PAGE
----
Carson Comments Leave PACE Twisting in Wind

Recent comments from HUD Secretary Ben Carson struck a sour note for supporters of the PACE loan program, through which thousands of homeowners and businesses have made energy-efficient improvements to their properties. Just last year, in an effort to boost the program, the FHA, under the Obama Administration, said it would back mortgages on homes encumbered by PACE loans. But earlier this month, Carson said that the new administration is “very, very amenable to adjusting that policy.” The comments suggest a clear willingness to reverse the FHA policy—and beyond that, signal an existential threat to a well-intentioned program.

PACE was conceived in the wake of the credit crisis as a way to put contractors to work while also serving clean-energy goals. It offers homeowners financing for solar panels, energy-efficient windows, and other eco-friendly upgrades with no upfront cost. But nothing comes for free; a lien is placed on the home, and the homeowners repay it through a property tax assessment. (The full name of the program is Property-Assessed Clean Energy program.) PACE is not a federal program, but instead a creature of state and local laws—currently enacted in over 30 different states. Nonetheless, the Obama administration encouraged PACE’s growth, issuing the now-threatened FHA policy (allowing FHA to back mortgages on homes with PACE loans, as long as the PACE lien is subordinate to the mortgage) and also making PACE available to veterans through the VA Home Loan Guaranty.

It hasn’t been all roses. Along with the good—creating thousands of jobs and removing as many CO2 emissions as produced by hundreds of thousands of SUVs in one year, according to Renovate America, the largest provider of PACE loans—there’s been criticism. Detractors make claims of inadequate disclosures, high interest rates, and predatory lending tactics. They also note that PACE loans make homes more difficult to market by saddling them with liens and assessments. Class actions are now pending against PACE loan providers, including one accusing Renovate America of overcharging “low and middle income house owners at nearly every step of the process.”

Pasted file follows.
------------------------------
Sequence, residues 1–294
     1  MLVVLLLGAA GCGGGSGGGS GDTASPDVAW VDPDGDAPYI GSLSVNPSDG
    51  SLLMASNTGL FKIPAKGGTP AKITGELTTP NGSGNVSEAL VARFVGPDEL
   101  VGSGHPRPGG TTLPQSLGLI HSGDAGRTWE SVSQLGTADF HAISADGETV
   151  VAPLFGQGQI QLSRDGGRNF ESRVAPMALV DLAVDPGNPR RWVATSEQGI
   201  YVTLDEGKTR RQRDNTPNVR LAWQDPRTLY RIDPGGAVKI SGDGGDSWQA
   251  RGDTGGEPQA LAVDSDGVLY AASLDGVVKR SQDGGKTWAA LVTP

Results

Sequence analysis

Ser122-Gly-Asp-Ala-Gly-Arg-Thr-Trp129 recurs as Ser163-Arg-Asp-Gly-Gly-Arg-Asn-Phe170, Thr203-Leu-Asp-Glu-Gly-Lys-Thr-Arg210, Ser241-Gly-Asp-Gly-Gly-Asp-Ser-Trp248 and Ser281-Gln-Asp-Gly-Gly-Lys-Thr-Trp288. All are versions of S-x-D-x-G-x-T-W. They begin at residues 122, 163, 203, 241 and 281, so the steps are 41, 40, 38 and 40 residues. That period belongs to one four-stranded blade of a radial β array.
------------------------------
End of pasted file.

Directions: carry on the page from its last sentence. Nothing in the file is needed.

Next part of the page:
One lifeline for the PACE program is a corrective bill, adding consumer protections, that has been referred to the House Committee on Financial Services. It would require PACE lenders to disclose to borrowers the terms of their PACE loan, including annual percentage rate, scheduled payments and total cost of the loan. It would also require lenders to clearly disclose to borrowers that PACE loans will result as a lien on their properties. A similar bill has been introduced in the Senate.

Such legislative action could increase public confidence in PACE and facilitate its growth. Any realistic assessment, however, must conclude that PACE’s prospects have never been so uncertain. The current administration has been eager to roll back environmental protections, and to contradict any policies pursued by the Obama administration—which could make PACE a tempting target on two different fronts. Against that background, Secretary Carson’s comments are hardly surprising. More troubling is the possibility that the current administration may attempt to stall the bills, which have been introduced by Republicans (in the Senate) and on a bi-partisan basis in the House. The absence of consumer protection legislation will likely foster litigation, and leave PACE open to the bad acts of a few that have led to the great majority of criticisms against it.

It would be unfortunate if uncertainty and the prospect of litigation curtailed expansion of a program that, if done properly, could greatly benefit people and the planet, while serving important public policy goals.